Criminal Law and Philosophy 9 (2):245-264 (2015)

Peter Brian Barry
Saginaw Valley State University
Some jurisdictions acknowledge, as a matter of positive law, the relevance of evil to capital punishment. At one point, the state of Florida counted that the fact that a murderer’s crime was “especially wicked, evil, atrocious or cruel” as an aggravating factor for purposes of capital sentencing. I submit that Florida may be onto something. I consider a thesis about capital punishment that strikes me as plausible on its face: if capital punishment is ever morally permissible, it is permissible as a response to evil. Call this the Punishment as a Response to Evil thesis, or PRE. If capital punishment is not morally permissible as a response to evil, then, according to PRE, it is not morally permissible, period. PRE admits of at least two different readings: on the first, if capital punishment is ever morally justified it is justified as a punishment for evil crimes; on the second, if capital punishment is ever morally justified it is justified as a punishment for evil people. While this first version of PRE has found advocates in both philosophy and forensic psychiatry, I argue against this first reading of PRE and for the second. To secure this conclusion I appeal to an account of evil and evil personhood that I have developed elsewhere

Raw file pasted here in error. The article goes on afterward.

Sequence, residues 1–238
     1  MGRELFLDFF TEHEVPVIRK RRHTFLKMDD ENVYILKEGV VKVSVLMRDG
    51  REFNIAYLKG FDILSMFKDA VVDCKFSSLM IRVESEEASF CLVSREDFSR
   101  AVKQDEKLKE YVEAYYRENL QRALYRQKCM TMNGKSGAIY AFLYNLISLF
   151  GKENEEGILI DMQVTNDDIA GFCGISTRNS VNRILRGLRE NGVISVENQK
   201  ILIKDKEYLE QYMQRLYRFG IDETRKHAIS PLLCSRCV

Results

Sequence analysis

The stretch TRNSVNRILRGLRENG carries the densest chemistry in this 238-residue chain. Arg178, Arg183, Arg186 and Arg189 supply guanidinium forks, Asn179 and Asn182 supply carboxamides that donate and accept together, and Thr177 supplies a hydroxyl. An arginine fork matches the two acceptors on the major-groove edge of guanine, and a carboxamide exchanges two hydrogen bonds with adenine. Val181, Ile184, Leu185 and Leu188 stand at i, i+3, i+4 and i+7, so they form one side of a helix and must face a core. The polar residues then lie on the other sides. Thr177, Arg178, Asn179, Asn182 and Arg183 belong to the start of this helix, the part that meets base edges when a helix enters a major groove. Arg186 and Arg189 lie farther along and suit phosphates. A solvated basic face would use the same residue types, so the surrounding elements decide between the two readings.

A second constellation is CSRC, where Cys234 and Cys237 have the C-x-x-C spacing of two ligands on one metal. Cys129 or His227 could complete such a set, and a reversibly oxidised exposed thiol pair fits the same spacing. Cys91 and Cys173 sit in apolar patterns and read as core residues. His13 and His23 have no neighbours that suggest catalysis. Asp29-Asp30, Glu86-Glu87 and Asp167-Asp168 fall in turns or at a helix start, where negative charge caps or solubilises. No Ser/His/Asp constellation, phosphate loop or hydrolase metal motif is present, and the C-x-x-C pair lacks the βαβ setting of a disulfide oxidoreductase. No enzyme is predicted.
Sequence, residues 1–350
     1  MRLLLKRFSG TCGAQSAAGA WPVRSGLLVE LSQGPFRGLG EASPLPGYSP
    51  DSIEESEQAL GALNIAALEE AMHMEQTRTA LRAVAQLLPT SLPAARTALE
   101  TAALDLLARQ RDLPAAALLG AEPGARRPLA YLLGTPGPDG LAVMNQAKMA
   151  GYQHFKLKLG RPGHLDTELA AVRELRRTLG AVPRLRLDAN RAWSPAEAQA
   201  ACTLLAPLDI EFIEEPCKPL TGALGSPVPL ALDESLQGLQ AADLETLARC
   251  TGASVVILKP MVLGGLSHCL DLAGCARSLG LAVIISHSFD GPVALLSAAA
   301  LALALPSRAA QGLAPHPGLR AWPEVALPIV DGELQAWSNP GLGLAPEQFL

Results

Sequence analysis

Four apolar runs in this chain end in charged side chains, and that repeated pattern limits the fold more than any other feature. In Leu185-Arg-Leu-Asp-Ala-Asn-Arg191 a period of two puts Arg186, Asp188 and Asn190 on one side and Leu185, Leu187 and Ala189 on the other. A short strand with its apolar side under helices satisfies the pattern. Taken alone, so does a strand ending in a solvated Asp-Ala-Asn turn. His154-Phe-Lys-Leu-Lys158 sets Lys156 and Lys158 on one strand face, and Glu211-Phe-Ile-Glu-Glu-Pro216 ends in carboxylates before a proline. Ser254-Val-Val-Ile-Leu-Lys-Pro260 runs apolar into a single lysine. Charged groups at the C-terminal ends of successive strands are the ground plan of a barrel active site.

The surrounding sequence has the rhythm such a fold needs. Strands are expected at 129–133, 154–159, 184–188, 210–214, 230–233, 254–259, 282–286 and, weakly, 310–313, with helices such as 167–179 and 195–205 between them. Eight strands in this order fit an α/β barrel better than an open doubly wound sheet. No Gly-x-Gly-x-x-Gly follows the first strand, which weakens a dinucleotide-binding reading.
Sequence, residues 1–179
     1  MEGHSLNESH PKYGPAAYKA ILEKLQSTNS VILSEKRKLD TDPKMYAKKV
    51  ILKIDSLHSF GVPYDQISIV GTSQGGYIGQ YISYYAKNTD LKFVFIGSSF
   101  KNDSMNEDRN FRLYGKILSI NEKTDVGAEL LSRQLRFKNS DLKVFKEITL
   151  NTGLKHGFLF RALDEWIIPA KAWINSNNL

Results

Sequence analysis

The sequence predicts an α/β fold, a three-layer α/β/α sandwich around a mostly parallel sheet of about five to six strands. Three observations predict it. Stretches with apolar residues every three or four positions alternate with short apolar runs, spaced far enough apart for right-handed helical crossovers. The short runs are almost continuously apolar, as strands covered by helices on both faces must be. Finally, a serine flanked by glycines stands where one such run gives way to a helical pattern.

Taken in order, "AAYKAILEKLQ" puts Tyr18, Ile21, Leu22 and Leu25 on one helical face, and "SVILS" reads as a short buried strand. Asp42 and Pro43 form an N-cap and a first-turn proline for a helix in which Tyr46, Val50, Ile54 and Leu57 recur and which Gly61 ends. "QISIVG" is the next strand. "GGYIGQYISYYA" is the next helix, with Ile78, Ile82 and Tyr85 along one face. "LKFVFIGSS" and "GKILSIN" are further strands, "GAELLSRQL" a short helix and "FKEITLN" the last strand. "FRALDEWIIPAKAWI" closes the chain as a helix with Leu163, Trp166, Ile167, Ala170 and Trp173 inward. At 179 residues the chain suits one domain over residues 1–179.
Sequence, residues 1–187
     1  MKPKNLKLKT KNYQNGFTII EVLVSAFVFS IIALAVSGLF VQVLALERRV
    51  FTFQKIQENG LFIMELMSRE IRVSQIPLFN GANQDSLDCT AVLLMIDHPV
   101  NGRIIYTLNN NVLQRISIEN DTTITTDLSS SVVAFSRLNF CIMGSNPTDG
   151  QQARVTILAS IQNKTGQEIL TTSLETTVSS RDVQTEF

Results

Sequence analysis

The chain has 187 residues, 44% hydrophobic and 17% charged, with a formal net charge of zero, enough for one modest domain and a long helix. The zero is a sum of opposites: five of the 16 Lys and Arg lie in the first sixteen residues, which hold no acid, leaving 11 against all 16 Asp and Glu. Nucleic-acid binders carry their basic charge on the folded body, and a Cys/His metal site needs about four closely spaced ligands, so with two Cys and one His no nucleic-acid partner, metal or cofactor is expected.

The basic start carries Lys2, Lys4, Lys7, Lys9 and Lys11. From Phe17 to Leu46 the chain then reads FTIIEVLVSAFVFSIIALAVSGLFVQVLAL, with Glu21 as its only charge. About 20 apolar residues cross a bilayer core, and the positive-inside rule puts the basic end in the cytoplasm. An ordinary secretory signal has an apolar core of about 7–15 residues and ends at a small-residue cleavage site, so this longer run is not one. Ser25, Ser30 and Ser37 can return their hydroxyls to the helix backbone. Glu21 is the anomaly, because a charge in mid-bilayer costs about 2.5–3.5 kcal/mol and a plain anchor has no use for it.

Keywords Capital punishment  Death penalty  Evil  Depravity scale  Aggravation
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DOI 10.1007/s11572-013-9254-5
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References found in this work BETA

Moral Monsters and Saints.Daniel M. Haybron - 2002 - The Monist 85 (2):260-284.
The Concept of Evil.Marcus G. Singer - 2004 - Philosophy 79 (2):185-214.

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